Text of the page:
Let’s start with my favorite house Universal Monsters! This was the house that I was most eager to experience even before the event began. And I am pleased to report that it exceeded my expectations. In a world of so many remakes and reboots of classic properties, this house delivered a fantastic experiential interpretation of the original monsters that started it all! You get The Hunchback, Creature from the Black Lagoon, Dracula, Phantom of the Opera, Frankenstein’s Monster, Bride of Frankenstein, The Mummy, and Wolfman. Every aspect of this house was planned and executed with detailed precision. We didn’t get some reimagination of these characters in such a way that the house sought to “improve” upon the source material, it was a beautiful display of Universal’s legacy of horror.

My pick for best original concept house is Graveyard Games! This house transports you to a beautiful gothic haunted cemetery that delivers the scares for which you’re searching at HHN. The level of detail in this house is truly outstanding. And it’s not just the undead that are hunting you down. It would have been all too easy to just have another cemetery filled with zombies or other minions of the undead, but here you find any and everything that goes bump in the night and more. This is a house that I could do over and over again, and never get tired of it. I love how much like a real gothic cemetery it feels and that the scares are some of the best at the event this year.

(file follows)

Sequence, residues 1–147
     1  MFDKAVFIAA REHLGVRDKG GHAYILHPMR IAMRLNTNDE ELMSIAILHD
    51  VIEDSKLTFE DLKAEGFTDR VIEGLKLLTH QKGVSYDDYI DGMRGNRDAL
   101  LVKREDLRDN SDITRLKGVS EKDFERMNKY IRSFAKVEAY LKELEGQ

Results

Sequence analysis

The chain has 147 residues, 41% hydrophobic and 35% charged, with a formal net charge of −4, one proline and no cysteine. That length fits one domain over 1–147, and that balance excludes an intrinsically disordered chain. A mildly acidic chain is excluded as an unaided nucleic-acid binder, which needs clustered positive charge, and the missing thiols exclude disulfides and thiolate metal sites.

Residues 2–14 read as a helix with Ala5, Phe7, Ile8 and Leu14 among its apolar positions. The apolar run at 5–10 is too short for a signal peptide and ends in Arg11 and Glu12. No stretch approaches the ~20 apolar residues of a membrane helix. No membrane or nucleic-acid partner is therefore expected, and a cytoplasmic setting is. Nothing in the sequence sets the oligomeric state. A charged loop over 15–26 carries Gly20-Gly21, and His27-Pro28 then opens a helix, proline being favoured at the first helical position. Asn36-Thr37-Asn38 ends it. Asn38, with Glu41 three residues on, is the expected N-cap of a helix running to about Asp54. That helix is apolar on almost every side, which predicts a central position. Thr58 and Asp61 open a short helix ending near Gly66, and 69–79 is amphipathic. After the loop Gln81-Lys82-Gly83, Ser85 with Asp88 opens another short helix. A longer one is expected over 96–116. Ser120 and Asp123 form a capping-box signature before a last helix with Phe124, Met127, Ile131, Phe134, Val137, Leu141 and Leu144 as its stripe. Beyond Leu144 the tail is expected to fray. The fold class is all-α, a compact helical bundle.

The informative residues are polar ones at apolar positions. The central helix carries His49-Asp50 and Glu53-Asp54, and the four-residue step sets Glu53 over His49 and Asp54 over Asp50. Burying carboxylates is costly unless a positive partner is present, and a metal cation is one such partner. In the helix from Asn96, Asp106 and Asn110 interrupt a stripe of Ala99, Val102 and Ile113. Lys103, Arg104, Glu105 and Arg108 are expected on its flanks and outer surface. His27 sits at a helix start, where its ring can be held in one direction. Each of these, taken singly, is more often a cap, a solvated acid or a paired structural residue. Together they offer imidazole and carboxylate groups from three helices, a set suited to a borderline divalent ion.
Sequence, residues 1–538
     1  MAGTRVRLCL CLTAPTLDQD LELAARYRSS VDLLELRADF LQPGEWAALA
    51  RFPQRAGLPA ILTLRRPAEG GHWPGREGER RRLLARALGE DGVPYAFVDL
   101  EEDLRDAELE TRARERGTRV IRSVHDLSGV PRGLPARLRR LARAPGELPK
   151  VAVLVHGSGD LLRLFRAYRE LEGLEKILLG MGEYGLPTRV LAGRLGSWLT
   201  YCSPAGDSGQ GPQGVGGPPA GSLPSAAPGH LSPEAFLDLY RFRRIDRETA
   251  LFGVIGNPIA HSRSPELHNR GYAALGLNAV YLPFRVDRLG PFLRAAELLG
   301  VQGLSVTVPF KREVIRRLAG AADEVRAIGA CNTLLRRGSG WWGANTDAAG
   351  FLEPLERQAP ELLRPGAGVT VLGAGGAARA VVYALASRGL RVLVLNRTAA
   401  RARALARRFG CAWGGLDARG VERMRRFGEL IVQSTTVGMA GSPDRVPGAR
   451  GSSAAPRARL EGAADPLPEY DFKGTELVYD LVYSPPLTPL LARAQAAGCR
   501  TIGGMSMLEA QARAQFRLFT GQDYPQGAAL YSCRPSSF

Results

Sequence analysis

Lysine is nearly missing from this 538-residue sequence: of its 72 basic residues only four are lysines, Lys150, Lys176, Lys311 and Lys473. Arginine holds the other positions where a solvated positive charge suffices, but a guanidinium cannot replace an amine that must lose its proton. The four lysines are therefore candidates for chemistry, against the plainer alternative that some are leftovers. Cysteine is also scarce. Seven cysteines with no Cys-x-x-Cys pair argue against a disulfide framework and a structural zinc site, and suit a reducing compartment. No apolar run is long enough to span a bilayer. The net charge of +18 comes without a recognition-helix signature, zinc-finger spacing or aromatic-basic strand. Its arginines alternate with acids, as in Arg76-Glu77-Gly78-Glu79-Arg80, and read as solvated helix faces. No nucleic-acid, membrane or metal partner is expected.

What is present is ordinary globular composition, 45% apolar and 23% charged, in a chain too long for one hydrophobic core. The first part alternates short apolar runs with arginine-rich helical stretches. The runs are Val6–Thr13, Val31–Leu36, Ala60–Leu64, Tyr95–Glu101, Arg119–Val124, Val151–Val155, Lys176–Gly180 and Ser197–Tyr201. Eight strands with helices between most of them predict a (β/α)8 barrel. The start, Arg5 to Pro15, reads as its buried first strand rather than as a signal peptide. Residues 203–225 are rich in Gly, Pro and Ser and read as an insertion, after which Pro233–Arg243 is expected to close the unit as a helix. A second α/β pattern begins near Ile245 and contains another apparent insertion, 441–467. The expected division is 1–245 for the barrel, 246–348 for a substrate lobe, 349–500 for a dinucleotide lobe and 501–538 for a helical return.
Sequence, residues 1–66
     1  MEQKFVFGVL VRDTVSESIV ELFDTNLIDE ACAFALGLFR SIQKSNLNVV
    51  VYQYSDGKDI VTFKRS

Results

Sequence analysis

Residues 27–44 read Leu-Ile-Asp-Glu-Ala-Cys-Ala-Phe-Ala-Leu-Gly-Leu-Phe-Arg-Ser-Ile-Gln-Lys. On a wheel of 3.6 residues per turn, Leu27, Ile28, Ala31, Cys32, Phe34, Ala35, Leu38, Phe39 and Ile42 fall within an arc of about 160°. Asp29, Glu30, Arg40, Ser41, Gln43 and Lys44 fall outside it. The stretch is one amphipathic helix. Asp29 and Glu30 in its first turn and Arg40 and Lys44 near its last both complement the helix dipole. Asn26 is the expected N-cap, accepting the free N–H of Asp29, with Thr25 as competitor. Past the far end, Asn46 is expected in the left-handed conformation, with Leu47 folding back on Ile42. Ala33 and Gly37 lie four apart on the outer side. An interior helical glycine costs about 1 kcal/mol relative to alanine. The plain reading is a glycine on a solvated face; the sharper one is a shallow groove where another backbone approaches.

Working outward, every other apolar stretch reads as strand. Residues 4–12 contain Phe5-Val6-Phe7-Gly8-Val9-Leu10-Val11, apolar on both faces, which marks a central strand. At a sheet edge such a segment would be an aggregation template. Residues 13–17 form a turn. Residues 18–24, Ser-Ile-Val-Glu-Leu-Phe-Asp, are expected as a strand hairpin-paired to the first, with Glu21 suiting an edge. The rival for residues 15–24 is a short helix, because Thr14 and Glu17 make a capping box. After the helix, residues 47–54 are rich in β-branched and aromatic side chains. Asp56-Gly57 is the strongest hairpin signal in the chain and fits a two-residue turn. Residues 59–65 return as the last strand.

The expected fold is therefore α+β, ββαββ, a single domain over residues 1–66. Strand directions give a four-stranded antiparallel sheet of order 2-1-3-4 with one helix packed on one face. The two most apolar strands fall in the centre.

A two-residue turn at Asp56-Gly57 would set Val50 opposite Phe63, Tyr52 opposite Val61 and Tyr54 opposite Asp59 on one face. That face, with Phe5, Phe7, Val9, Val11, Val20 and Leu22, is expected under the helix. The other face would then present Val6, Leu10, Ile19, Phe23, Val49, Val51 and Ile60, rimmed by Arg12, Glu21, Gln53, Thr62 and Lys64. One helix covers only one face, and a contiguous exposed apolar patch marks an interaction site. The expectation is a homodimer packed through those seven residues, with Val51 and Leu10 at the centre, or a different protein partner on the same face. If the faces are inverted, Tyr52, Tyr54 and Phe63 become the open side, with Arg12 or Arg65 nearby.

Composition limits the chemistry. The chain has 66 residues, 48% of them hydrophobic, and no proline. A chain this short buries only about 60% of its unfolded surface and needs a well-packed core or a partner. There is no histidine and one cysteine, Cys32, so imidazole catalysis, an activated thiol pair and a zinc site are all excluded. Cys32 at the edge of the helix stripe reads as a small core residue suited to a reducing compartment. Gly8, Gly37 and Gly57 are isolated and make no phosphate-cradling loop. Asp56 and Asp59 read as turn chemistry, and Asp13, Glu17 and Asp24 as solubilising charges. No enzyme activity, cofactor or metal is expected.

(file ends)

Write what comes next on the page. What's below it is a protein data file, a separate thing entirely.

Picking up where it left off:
Nightingales Blood Pit is the sequel to Nightingales from several seasons ago. Here you will find yourself in the trenches and catacombs of ancient Rome where sinister, blood thirsty  birdlike creatures have taken over the city. Not even Rome’s famous gladiators are a match for these horrifying abominations. If there was an award given out for best facade, then this house would win! I absolutely love the production design on the outside of the house that (1) you can take pictures of and (2) it instantly begins to immerse you into the nightmarish world into which you are about to descend. All that was missing is the aroma from the scene where “the great library of Alexandria was burned” on Spaceship Earth at Epcot.

House of a Thousand Corpses (HOATC) is an outstanding translation from screen to attraction! This is another house with a great facade, and the best one I’ve seen on this building in years. HOATC delivers precisely what you desire to see in this house! Not only does it have some great hillbilly horror scares, but the casting is fantastic, especially the actors playing Captain Spaulding. The moment I walked into the lobby of the store and saw Captain Spaulding standing behind the desk, you could have told me that it was Sig Haig and I would have believed you. You get it all, blood, guts, the music of Rob Zombie and more.